“Shirt,” Sam says after a while, between kisses and Steve obeys, tugging his shirt off in that obnoxiously male way. Sam immediately begins to run his hands over Steve’s body and this – this is a body he has watched for months. This is a body that mystifies him, with its size and it’s strength and it’s speed, with the presence it exudes.

“Jesus,” he mutters as Steve kisses a line down his neck. “The veins on your arms are incredible.”

He feels Steve grin into his skin. “You know what has better veins?” Steve asks and Sam chokes, physically chokes and feels his ears go bright red. When he draws back to look at Steve, Steve is also bright red, but looks incredibly pleased with himself.

“Dear god,” Sam marvels. “That was – impressive, even for you.”

“I’ll show you impressive,” Steve winks at him. “C’mon, shirt.”

“I still have those scars,” Sam reminds him, tugging off his shirt in a way that is not as obnoxiously male but still pretty damn close, because he practiced in the mirror for hours.

“And I think they’re beautiful,” Steve tells him. He scoots back on the bed and kisses his way down Sam’s chest, Sam’s hands in his hair.

He kisses the left scar and Sam gasps, not because he can really feel it, even almost three years later, but because of what it means, what's being promised. Steve hums and kisses his nipple, hand coming up to toy with the right one, and Sam leans back on the bed.

"Gentle," he murmurs, because he doesn't have a lot of sensation there and what he does has is sharp and rearranged.

"Okay," Steve promises, touches turning gentle and revenant, thumb rubbing circles into Sam's skin.

Steve hums and leans over to kiss the right scar and give that nipple similar, gentle treatment, and then he’s kissing his way down Sam’s body, pausing at Sam’s pants.

“You can take them off,” Sam says, trying not to curl in on himself because this is the part where most people leave, and he’s had to work on it, even with himself – genitals do not equate gender. No genitals are gross. He is not less than for having a vagina.

“I just want to make sure you’re comfortable,” Steve says gently.

“I – I am. If you are.”

“It’s not about me,” Steve points out, sitting up and frowning. His hair is sticking up and his lips are kiss swollen and oh god, Sam loves him. “It’s about you. Do you still want to do this.”

“Yes.” Sam says after a minute, because yes.

Steve smiles, and leans down again, unbuttoning Sam’s pants and pulling them down. Sam lifts his hips obligingly and Steve pulls them off entirely.

Steve kisses along his waistband and then presses his face against the front of Sam’s boxers, nose brushing Sam’s clit and Sam’s cunt is throbbing, heat spreading. He shifts, too turned on to stay still and Steve is fucking inhaling him and that’s so hot, he doesn’t know what to do with himself.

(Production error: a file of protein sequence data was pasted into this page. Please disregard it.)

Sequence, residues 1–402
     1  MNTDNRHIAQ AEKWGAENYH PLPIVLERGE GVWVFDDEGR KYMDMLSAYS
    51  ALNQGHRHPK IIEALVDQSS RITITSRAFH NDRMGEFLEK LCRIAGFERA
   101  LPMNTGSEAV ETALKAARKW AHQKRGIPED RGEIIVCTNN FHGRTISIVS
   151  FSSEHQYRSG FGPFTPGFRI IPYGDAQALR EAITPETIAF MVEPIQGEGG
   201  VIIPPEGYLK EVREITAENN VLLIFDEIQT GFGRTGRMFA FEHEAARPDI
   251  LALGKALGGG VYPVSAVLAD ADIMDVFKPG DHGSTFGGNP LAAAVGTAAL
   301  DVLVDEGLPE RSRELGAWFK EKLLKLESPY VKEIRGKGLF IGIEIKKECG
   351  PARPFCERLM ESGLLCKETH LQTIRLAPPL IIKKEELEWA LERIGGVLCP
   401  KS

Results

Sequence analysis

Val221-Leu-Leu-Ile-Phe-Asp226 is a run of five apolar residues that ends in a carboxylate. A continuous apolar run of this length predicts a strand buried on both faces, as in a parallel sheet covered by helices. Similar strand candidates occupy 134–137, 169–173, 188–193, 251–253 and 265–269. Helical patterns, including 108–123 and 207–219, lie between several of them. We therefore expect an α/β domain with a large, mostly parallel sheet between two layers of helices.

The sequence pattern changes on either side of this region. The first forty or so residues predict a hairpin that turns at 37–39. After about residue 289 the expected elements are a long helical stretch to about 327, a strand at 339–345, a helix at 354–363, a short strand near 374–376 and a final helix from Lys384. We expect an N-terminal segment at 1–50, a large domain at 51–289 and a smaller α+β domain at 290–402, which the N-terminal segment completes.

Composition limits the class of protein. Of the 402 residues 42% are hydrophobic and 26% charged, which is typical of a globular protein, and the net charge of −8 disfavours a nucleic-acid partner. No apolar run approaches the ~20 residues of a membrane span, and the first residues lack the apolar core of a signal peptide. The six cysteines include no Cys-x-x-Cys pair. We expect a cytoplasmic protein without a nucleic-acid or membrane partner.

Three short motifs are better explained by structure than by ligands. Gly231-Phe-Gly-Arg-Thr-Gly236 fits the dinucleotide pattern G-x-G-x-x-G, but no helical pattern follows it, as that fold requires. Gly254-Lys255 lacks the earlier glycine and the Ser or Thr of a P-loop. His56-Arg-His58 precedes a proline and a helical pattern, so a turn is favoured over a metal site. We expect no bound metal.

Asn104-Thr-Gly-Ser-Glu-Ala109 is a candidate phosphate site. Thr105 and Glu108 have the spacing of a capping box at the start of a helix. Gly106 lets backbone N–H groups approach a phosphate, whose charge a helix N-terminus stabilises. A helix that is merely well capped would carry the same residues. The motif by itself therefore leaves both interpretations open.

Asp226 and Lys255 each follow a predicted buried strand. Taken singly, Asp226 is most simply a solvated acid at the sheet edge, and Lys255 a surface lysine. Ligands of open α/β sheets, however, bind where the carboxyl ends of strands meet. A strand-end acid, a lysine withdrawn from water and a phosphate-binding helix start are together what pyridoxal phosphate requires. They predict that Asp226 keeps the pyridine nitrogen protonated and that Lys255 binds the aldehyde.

“You smell good,” Steve says, voice husky, and then he’s kissing Sam’s cunt through the cotton of his boxers. Sam twitches, grabbing Steve’s hair and Steve sighs contentedly and continues, tongue darting out against the cotton of the boxers.

He’s driving Sam insane and Sam finally can’t take anymore, finally lifts up his hips and pulls his boxers down his legs. Steve helps, tugging them off of his bony ankles and then Steve is spreading his legs gently, so gently, and pressing a kiss against his outer lips.

“Beautiful,” Steve tells him, reverence in his voice and Sam twitches. He doesn’t know what to do with himself.

Steve looks up at him, eyes dark. “Can I…” his hand is creeping up Sam’s thigh and when it reaches Sam’s cunt, Steve seems to lose track of what he was saying. He drags his index finger up the cleft of Sam’s cunt and then stops at his clit, thumbing at it. It's big, more like a tiny penis, and Steve stares at it with hunger.

Sam whines.

“You can do whatever the fuck you want as long as you do it right now,” he snaps, and Steve laughs.

Steve goes down on him like it’s his mission, spreading his cunt with both hands and licking it, alternating between sucking on his clit and fucking Sam with his tongue. Eventually he slips two fingers into Sam and curls them up, stabbing at that spot repeatedly, using the thumb of that other hand to rub circles on the head of Sam’s clit.

Sam shakes apart with a yell, shuddering under Steve’s hands and Steve gentles him, licks him clean and then withdraws his fingers and focuses on pressing kisses into the skin of Sam’s inner right thigh until Sam is coherent again.

“You were made to do that,” Sam mumbles, grasping ineffectively at Steve’s shoulder. Steve obliges, coming up the bed until they’re chest to chest. “Not…to be a super soldier.”

“To eat you out?” Steve asks, and grins. “I definitely prefer doing that then to being a super soldier.”

Sam hits him on the arm. “Sweet talker.”

Steve’s cock is nudging at his hip and Sam grasps it in one hand. Steve is big and uncut and yes, veiny, and Sam starts to jack him off slowly.

“Ahh,” Steve sighs, thrusting a little into Sam’s hand.

“I have to go get condoms and lube,” Sam tells him, continuing to not move. Steve is fucking Sam’s hand now, thrusting lazily, arm thrown over his face and chest mottled red.

“Oh?” Steve asks, snapping his hips up, and then he seems to come back to him. “You’re – we’re –”

“Is that okay?”

“Yes!” He nods, vigorously, and Sam grins.

“Good, because I was planning on riding you.”

Steve makes a hurt noise, like he’s been shot – though Sam knows what Steve actually sounds like when he’s been shot – and Sam gets up and rummages through his duffle until he finds a condom and his small bottle of lube.